You see it at every level, from the NFL on down.
A team’s quarterback goes down and its fortunes go down with him. The new guy is capable, but understandably just a little bit behind on the reads, and his throws don’t look the same to the receivers.
Not at Aiea.
Jordan Liilii went down with a broken foot early in the second game of the season, forcing veteran coach Wendell Say to turn to linebacker Mana Kaahanui to run the offense.
So dumb down the playbook and try to win with a running game and quick slants, right?
Say’s playbook has worked for years, and he figured it would work now.
The best thing Waianae did in Saturday’s 29-13 win over Aiea was control the ball so that Kaahanui and his playmakers couldn’t hurt it.
“It’s not Mana’s fault,” Say said. “They kept us off the field so our timing was off. As a new quarterback, he needs to get in synch, and Waianae’s game plan was good. We only got on the field five times in the first half, and the last one was to kill the ball.”
Kaahanui instantly showed off an arm, putting the ball up 30 times against Pac-Five after Liilii went down, and Na Alii won the game 33-8. Kaahanui flinged the ball 34 times against Waianae, 26 of them in the second half when Na Alii trailed. He completed only nine of his attempts, but he kept the Seariders honest by delivering the deep ball with accuracy whenever he could find the time.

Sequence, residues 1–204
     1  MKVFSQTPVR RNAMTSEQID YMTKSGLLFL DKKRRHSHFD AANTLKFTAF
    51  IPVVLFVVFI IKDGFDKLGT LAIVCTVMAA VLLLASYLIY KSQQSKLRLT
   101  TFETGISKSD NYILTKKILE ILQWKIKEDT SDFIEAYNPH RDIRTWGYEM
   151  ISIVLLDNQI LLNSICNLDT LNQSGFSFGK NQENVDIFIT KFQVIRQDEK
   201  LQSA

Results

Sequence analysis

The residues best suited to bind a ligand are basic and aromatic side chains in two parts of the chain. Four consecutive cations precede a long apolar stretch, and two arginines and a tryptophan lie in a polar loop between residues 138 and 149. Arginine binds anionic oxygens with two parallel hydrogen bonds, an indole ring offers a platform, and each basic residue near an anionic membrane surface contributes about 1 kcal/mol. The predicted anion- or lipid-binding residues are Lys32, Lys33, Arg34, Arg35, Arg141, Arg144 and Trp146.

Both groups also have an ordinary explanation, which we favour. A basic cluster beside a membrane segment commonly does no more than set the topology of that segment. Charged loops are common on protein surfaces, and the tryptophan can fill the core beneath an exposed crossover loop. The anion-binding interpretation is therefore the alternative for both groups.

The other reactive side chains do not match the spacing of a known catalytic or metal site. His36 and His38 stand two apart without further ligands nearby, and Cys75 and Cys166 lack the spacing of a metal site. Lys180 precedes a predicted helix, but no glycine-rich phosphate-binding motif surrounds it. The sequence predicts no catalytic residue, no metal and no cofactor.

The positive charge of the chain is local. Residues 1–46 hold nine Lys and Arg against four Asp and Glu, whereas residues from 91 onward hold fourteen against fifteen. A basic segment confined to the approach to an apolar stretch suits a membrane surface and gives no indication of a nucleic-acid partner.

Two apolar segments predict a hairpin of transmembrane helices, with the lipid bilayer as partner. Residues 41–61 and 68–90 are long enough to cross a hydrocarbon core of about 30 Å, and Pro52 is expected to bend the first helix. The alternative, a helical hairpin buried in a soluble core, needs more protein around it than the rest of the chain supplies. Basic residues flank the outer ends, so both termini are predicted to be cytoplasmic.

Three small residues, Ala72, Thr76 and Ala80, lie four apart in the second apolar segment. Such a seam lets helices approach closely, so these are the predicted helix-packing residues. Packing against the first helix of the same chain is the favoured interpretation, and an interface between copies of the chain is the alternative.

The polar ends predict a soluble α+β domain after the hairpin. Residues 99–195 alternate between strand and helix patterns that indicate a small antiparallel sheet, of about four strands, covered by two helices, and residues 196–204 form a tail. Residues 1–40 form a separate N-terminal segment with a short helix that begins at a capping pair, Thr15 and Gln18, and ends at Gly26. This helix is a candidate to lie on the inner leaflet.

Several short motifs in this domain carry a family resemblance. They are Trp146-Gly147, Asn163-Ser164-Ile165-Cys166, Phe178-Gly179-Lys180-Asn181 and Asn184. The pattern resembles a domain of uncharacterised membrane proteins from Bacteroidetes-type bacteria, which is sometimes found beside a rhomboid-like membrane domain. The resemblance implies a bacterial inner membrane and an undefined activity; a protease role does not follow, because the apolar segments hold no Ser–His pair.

The senior’s reads need a little bit of work — he tried to make the perfect throw too many times — but Waianae brought a lot of pressure without blitzing and its coverage was nearly flawless. Aiea earned most of its passing yards from athletic plays like Shaenen Hernandez-Fonoti out-leaping a defender for a catch at the 3-yard line, or on a bubble screen on which Hernandez-Fonoti evaded tackle attempt after tackle attempt for a 65-yard touchdown.
The receivers get a lot of credit for the success of the linebacker-turned-quarterback, but the junior has certainly shown something and helped turn around an Aiea program that finished last year mired in widespread player discipline and the losses that come with it.
Liilii is expected to miss a month, but Kaahanui looks like he can keep Aiea’s resurgence going. He will find out on Friday, when Na Alii host a dangerous Campbell defense.
“He played hard and gave us his best,” Say said after Saturday’s game. “He’ll get better. Waianae’s a real good team — to me it is one of the best.”